Transforming Community-Led Health Research Ways of Knowing Symposium

In August, roughly 35 community members and advocates will gather in Greenville, North Carolina, to engage in peer networking and heartfelt conversations about overcoming the systemic barriers to developing and sustaining authentic and meaningful community-led health research partnerships. This symposium is co-organized with Hope to Thrive and  Community-Campus Partnerships for Health.

August 2024
Greenville, North Carolina

Event Co-Organizers

Charisse Iglesias

Dr. Charisse Iglesias, a woman with short, dark hair wearing glasses and a grey blazer with a peach colored top

Dr. Charisse Iglesias, Training Resource Director at Community-Campus Partnerships for Health (CCPH), has a PhD in rhetoric and composition with an emphasis on facilitating equitable community-academic partnerships. Her passion and expertise in facilitating community-academic partnerships stemmed from her experience as a Peace Corps volunteer co-creating educational programs, and directing a college-pathway writing program that partnered economically marginalized public high schools with a research university. At CCPH, Charisse leads teams to create, facilitate, and evaluate technical training workshops and resources for international and US-based community partners, researchers, and academics.

Kunga Denzongpa

Kunga Denzongpa, PhD, MPH

Kunga Denzongpa, PhD, MPH brings in 7+ years of experience in Community-based participatory research among culturally and ethnically minoritized communities. Her research particularly centers on refugee and immigrant health disparities, maternal health outcomes, community-centered equitable research partnerships, and culturally responsive equitable evaluation. As a Sikkimese-Himalayan tribal minority raised in a collective community, her passion is rooted in equitable approaches to community and health.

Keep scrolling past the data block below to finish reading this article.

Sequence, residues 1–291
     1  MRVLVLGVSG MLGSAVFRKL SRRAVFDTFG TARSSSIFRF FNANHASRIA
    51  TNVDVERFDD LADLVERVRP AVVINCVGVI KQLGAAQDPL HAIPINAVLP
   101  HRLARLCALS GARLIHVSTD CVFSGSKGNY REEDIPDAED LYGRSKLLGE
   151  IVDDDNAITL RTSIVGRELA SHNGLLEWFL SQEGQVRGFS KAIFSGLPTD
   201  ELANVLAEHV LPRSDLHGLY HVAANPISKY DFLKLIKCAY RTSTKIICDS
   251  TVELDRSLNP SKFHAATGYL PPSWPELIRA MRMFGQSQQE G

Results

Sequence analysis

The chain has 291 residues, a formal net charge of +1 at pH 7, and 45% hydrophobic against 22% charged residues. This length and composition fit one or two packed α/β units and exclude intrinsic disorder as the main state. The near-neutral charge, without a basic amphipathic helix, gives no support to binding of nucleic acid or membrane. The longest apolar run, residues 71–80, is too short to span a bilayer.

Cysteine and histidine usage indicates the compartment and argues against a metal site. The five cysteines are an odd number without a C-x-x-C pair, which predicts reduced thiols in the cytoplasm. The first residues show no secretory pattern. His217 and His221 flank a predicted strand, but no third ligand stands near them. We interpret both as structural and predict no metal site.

Joy Williams

Joy Williams, a smiling Black woman sitting at a table with a tumbler

Joy Williams, MFA, MDiv, MPH, is a speaker, writer, dancer, and entrepreneur. She is the founder and Executive Director of Hope to Thrive, a nonprofit in Winston-Salem, NC. You can find Joy most days turning her family home into a living and learning homestead, growing and cooking food and making homemade chemical-free cleaning and body products, and hosting indigenous lifestyles programs. Joy believes in modeling a lifestyle rooted in what it means to live simply, off the land, and striving in harmony with God, the earth, others, and oneself–all for the purpose of helping her community have access to locally grown food and a great quality of life.


Paige Castro-Reyes

The Event

The intent of this symposium is to:

  • Validate community-led practice and research that aligns and is grounded in your positionality through reflection, coalition building, and cultural immersion.
  • Situate research or ways of knowing as a tool to better understand what is needed to meaningfully lead research that is grounded in community-identified needs.
  • Identify resources, different forms of support, and other needs to successfully overcome barriers to engaging community-led research in different contexts.
  • Create meaningful connections through peer learning and respectful conversations and activities that facilitate emergent ideas and collaborations in future health equity work.

Notably, one day of the symposium will be dedicated to a community site-visit bus tour to deepen participants' understanding and hold conversations about what "community-led" means.

The Ways of Knowing Symposia Series

Learn more about the event by watching a recording of the kickoff event and checking out the below illustrated notes from the same session.

Illustrated notes from Transforming Community-Led Health Research

Art by Reilly Branson on behalf of Ink Factory

Video length:

Recording of the Ways of Knowing Symposia Kickoff, a hybrid event recorded on March 7th in New Orleans, LA.

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